Why Are You Being Phished?



phishing-victimPeople often wonder, why are they being phished? Why are they being phished by a hacker in the first place? What does their organization have that some hacker decided they were noteworthy enough to be targeted in the first place?

Targeted vs. Random

Most organizations are hit by phishing randomly without special targeting. The originating phishing sender had the recipient’s email address, usually from buying or downloading a large bulk list of email addresses or the involved email address was scraped from some other hapless victim who was previously compromised. The hacker and his/her phishing scam didn’t especially pick out a particular victim. They obtained tens of millions or even hundreds of millions of potential victims and their email addresses to send to all of them at the same time and/or over several phishing campaigns. Email addresses from your organization just happened to be on the list. That is how the vast majority of phishing emails end up in an inbox.

The opposite possibility is that your organization was especially targeted, on purpose, by a hacker. For a variety of possible reasons, a hacker decided your company had a reason to be targeted, be it money, intellectual property, nation-state objective, and some other justification. Targeted spear phishing attacks are far less common, but harder to defend against.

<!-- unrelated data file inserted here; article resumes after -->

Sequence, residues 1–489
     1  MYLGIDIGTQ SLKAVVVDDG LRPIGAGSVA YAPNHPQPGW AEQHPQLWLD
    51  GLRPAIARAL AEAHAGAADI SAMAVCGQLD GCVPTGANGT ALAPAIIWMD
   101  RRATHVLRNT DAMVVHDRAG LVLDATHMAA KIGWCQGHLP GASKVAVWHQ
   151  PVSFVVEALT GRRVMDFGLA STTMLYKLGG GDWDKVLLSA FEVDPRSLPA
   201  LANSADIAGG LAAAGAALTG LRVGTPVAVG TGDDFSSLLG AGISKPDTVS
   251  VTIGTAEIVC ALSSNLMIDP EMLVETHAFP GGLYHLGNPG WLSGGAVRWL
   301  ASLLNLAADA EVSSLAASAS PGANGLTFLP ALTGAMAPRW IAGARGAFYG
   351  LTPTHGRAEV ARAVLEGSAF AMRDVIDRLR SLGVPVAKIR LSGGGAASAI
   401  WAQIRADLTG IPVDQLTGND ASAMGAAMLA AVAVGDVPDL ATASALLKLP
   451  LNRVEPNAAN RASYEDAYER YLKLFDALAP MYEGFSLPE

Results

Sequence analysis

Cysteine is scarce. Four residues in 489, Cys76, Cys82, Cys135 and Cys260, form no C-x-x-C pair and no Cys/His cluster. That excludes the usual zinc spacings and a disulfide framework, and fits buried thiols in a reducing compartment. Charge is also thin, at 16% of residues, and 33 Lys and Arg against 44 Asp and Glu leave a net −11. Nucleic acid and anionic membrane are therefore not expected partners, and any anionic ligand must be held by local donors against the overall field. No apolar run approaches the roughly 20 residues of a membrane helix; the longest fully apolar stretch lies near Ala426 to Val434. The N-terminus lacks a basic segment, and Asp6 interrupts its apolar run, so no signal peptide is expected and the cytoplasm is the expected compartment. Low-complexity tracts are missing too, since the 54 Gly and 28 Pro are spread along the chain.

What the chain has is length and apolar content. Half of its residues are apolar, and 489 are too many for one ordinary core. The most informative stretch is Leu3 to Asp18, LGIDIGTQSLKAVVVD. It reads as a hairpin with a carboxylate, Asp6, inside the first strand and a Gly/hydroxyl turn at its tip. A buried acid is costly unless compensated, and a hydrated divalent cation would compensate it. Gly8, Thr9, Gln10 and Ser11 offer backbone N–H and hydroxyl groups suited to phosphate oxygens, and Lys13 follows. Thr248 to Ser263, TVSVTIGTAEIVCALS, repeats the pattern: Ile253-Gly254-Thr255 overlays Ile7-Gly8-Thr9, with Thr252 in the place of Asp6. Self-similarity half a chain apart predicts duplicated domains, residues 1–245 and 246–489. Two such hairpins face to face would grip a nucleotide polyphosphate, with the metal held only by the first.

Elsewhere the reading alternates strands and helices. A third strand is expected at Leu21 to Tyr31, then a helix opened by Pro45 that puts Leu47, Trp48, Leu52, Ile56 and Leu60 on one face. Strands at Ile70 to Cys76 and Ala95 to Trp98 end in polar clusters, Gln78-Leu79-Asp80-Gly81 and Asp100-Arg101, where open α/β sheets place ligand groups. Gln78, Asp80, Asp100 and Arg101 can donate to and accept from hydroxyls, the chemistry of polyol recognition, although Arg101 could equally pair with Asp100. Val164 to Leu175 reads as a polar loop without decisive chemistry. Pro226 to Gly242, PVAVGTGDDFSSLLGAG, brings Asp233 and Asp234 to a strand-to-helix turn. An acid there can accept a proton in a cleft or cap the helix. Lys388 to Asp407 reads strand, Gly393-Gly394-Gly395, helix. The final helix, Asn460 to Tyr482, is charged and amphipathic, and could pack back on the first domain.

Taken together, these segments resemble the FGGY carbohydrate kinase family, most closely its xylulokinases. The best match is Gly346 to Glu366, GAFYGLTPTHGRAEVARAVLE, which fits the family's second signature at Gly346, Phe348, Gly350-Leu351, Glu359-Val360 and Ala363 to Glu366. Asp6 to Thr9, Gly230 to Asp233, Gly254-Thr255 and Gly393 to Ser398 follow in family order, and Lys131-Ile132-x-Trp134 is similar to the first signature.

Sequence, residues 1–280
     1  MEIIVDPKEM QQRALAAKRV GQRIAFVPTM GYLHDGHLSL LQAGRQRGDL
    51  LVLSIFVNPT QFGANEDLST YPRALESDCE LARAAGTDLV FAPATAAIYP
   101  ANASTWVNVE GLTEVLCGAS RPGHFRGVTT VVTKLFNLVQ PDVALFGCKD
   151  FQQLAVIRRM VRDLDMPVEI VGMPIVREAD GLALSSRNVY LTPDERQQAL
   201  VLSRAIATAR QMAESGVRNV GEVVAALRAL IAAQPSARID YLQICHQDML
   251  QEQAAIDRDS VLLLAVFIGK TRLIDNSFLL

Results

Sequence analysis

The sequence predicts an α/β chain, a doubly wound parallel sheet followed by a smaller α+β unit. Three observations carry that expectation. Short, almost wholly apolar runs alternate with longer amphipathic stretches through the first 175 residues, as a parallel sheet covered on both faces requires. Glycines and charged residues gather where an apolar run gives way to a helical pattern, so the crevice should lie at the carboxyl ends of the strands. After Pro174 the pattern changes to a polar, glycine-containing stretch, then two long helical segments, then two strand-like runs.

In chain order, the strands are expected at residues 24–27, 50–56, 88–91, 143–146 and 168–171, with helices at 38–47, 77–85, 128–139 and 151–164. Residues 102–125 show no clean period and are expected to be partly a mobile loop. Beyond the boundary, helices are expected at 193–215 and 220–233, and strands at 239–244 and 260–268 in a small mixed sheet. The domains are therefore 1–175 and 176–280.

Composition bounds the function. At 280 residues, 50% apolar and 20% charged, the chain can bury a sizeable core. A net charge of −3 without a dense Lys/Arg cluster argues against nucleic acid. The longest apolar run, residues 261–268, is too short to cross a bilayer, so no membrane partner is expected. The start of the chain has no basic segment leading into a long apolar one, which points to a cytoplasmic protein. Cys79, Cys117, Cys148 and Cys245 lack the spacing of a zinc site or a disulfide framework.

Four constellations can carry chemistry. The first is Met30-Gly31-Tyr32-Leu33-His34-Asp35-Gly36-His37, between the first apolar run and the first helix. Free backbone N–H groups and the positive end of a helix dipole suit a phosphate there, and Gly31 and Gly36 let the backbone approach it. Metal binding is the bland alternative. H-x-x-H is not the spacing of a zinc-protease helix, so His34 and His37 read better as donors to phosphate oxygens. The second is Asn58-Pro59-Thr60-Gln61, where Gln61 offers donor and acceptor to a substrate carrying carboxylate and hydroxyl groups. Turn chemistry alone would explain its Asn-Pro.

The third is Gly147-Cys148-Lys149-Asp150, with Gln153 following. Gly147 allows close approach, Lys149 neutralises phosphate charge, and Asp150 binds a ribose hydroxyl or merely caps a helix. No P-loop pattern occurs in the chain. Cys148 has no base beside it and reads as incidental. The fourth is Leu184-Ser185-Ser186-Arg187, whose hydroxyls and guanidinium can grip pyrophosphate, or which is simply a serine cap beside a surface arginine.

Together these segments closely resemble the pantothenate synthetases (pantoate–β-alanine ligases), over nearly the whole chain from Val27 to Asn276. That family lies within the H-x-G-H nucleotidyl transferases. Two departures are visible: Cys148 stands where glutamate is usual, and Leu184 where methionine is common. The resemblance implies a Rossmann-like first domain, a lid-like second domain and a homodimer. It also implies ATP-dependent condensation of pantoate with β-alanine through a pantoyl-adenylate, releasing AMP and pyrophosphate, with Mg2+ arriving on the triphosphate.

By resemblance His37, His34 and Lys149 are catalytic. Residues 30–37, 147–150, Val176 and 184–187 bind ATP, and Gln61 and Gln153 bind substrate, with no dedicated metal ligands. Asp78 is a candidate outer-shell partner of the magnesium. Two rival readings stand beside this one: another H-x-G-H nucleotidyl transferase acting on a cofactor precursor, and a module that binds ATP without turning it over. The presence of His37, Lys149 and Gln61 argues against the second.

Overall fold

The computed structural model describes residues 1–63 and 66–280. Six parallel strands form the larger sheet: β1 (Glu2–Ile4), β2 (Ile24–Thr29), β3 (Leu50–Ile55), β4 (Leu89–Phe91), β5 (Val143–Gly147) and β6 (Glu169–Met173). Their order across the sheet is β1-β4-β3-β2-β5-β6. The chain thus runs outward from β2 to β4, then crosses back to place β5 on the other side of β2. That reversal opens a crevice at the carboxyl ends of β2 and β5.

Random Phishing Attacks

Actually, there is a third, very common, hybrid answer that blends the two main methods. Increasingly, random phishing attacks drop malware which breaks into an organization’s computers and then notifies the hacker of its successful breach. Usually, the initial exploit is accomplished by a malware program designed primarily to get a foothold onto a system or network. It then immediately “dials home” to its “command & control” (C&C) servers, to download the latest, updated, currently undetectable-by-antivirus version of itself. It then downloads and follows any commands left waiting for it by the hacker, if any. The instructions could include telling it to steal data, initiate a ransomware payload, get involved as part of a bigger distributed denial of service (DDoS) attack, or simply to wait.

The initial instructions will often tell the malware to search for all the available passwords and login credentials that can be found on the involved system and upload them to the hacker. Then it will go into a pseudo-hibernating mode and wait for the hacker to send further instructions. They will also get the new IP addresses or domain names for their always moving C&C servers to ensure that one or a few C&C shutdowns by the AV vendors and authorities don’t interrupt their operations.

Many malware programs are inside of systems and networks for up to a year without being detected. They do this by constantly updating to make sure they have the latest versions and remain undetectable by most antivirus programs. Its creator or code will often check Google’s VirusTotal, which runs 70-plus antivirus engines. It’s a good place for hackers to check to see which malware detectors are starting to recognize their programs. If they see AV detection starting to happen, they will re-encrypt or re-obfuscate their malware programs to make the modified malware programs newly “invisible” to the current AV signatures.